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Scope

This document provides information about using Kerboros on the Unified Linux Systems managed by the School of Informatics and Computing. There are many other standalone Linux systems in the school that are not part of the unified configuration and, therefore, this document does not apply to accounts on those systems. If you have any questions about Linux systems within the school, please contact us.

Background

The SoIC unified Linux systems have a system whereby you have a common home directory across all systems. The mechanism used to deliver your networked home directory to individual systems depends on the system type, as follows:

  • Servers - A server is defined as a system that lives in the central SoIC machine room and is on a secure, private NFS network. For these systems, home directories are delivered using NFSv3. On these servers, it should be virtually transparent to the users that their home directory is not on the local disks on the server and these system are not subject to problems with kerberos authentication.
  • Workstations - A workstation is defined as a system that is outside of the machine room or is not on the secure, private NFS network. These systems use kerberos authentication with NFSv4 to securely deliver user's home directories.
  • Hybrid - There is also a hybrid configuration where a standard workstation is then configured with local home directories. Since the system has local home directories, that avoids the kerberos issues but also results in the loss automated nightly backups and of a standard home directory across all systems.

The rest of this document deals with issues users may encounter on the Linux Workstations using kerberos with NFSv4.

Basic Workstation Usage Notes

In most cases, users of the unified Linux workstations will not encounter any problems as a result of the fact that kerberos authentication is used for home directory delivery. When you first log in, you get authenticated with kerberos and you gain access to your home directory for a period of 1 week. Every time you re-enter your password (eg. you unlock the screen) the counter is reset and you have another week of use. So, unless you leave the system locked for longer than 1 week you should not have any trouble accessing your home directory while logged in. However, there are a couple cases where remote use of the system may result in problems as a result of the way kerberos and NFSv4 authentication caching interact. The following sections describe the most common problems you are likely to encounter and include suggestions for how to avoid these problems.

The Easy Fix

Before we present the possible problems and solutions, it should be noted that you can avoid these problems entirely if you do your remote processing on a server instead of a workstation. For a list of the available servers, please see the KB document What Linux systems are available?. However, there are many cases where remote use of a workstation is required so the rest of this document will assist you with use of such systems.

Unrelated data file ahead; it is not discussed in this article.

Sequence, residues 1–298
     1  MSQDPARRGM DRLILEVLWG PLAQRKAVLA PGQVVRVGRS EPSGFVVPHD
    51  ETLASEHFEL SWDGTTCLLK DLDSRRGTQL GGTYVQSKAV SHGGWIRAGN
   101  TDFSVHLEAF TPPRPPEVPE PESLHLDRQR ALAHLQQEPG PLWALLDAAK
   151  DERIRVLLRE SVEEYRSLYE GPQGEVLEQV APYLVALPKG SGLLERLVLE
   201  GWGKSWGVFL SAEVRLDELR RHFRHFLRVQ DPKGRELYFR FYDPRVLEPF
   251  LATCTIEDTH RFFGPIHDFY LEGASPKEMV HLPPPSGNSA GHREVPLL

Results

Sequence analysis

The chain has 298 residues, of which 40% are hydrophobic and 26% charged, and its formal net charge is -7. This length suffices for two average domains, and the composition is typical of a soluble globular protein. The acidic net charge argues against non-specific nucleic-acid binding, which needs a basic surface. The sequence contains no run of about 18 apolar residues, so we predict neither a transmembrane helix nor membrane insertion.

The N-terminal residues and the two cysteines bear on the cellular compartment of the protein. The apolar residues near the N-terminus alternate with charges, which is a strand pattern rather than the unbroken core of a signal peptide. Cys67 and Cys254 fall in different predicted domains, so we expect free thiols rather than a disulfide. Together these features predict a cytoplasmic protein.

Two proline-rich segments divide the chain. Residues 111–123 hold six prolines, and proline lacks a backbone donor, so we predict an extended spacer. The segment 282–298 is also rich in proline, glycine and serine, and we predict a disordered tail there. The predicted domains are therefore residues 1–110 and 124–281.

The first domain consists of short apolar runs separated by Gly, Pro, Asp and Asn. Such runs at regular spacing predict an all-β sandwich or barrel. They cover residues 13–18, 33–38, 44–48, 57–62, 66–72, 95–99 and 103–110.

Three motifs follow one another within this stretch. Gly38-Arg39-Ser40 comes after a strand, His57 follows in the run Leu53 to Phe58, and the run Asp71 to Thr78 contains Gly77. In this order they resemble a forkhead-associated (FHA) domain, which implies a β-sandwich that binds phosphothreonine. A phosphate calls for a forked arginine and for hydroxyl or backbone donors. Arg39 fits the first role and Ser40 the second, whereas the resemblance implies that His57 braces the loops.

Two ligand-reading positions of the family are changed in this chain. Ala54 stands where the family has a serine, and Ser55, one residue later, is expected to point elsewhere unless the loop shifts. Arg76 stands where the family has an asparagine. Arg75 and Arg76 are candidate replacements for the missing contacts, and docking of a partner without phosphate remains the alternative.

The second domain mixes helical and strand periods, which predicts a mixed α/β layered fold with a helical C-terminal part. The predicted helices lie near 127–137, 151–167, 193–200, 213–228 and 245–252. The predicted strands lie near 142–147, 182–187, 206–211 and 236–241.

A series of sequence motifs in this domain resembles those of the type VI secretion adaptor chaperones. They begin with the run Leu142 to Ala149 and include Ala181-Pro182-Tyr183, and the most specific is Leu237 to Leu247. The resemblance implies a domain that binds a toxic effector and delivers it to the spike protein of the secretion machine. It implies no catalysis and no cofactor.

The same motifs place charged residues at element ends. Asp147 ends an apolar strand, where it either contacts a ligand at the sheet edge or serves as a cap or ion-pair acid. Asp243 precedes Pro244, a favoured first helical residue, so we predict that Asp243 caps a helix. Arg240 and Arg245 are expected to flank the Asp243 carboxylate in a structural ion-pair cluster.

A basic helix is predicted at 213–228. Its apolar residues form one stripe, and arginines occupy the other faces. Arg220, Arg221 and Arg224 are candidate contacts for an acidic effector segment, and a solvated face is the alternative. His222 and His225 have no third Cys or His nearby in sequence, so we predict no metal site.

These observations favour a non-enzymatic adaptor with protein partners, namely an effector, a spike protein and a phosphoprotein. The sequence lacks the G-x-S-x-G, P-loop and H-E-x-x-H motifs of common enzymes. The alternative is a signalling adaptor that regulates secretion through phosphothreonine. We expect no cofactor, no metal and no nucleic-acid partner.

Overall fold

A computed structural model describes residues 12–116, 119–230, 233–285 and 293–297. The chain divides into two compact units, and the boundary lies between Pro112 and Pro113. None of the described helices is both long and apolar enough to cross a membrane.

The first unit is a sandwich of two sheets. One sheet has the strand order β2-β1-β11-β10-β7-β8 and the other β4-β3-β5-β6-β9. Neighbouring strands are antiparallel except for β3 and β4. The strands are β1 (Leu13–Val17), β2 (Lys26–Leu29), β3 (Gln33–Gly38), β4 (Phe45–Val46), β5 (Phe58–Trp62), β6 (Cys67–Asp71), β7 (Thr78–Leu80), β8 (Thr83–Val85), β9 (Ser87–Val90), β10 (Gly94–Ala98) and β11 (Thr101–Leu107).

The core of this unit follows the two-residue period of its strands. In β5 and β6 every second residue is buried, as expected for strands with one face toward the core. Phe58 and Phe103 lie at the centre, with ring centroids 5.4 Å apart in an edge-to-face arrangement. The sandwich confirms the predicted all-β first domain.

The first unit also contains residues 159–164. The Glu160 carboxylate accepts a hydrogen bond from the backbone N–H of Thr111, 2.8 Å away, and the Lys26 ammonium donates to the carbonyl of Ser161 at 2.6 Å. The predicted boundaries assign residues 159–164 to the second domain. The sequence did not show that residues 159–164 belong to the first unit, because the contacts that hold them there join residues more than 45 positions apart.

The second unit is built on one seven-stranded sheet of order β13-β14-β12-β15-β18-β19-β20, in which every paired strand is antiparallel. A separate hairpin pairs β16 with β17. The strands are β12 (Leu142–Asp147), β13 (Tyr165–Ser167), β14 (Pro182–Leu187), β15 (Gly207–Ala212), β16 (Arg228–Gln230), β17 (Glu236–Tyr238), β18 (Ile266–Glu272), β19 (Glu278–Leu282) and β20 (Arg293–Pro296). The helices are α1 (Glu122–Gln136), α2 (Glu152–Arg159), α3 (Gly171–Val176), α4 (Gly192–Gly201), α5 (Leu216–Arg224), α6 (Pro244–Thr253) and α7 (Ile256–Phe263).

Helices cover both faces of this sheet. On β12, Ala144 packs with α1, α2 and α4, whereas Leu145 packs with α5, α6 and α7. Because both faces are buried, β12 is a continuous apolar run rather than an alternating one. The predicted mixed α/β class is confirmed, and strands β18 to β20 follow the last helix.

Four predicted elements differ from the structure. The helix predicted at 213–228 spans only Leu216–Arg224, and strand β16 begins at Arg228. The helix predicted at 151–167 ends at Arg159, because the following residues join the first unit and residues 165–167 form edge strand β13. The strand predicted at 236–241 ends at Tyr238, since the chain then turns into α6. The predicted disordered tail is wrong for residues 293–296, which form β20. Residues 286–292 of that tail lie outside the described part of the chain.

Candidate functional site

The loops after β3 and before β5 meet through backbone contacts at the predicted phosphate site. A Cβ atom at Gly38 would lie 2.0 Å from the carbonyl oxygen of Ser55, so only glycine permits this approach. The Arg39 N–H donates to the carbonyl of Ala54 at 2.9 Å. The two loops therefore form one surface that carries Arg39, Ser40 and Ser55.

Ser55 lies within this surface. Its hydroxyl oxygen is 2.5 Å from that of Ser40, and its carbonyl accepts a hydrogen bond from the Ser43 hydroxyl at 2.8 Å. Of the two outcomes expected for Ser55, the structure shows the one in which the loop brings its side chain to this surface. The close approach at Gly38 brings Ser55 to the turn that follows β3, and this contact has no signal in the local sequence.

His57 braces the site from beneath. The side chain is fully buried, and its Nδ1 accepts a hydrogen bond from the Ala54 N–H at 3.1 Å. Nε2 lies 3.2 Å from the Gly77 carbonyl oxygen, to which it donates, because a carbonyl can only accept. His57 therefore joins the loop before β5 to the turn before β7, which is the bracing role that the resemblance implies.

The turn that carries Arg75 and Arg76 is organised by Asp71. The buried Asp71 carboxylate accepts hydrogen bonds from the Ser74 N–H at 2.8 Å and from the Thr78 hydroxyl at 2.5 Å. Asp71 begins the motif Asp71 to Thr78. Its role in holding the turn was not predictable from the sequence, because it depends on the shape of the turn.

Problem 1: Authentication Expiration

When you ssh into a workstation, you will be prompted to enter your password which will result in you authenticating with Kerberos. You can run the klist command after you log in to display your kerberos tickets and cache information. We have a mechanism in place that automatically renews your kerberos tickets but this automatic process can only renew for a period up to 1 week. So, if you ssh in and don't do anything to renew your kerberos credentials they will expire after 1 week. Once your credentials expire, you will no longer have access to your home directory. To avoid this problem, you can run kinit at any time to re-authenticate, thereby giving yourself another week of access.

If you have multiple ssh logins to a single workstation, the system will allow access to all of the sessions if any one of them has valid kerberos credentials. But, just keep in mind that if you log out of the one session that has valid kerberos credentials, the other logins will loose access and you will need to run 'kinit' to renew your credentials in the other login session.

Problem 2: Running Cron Jobs

We have crontab disabled on the unified linux workstations so attempting to set this up will result in the following error:

$ crontab -e
You (username) are not allowed to use this program (crontab)
See crontab(1) for more information

The problem is that cron jobs run in an unauthenticated environment so they will not have permission to access your home directory. One workaround is to run your cron jobs on a server instead. However, if this isn't feasible because your cron job needs to perform a task on the workstation itself (and not just on your home directory) then we'll have to work with you on a solution. We have several options, including the creation of a local account on the workstation and allowing you to run cron jobs as this local user. Please contact us if you need to do this.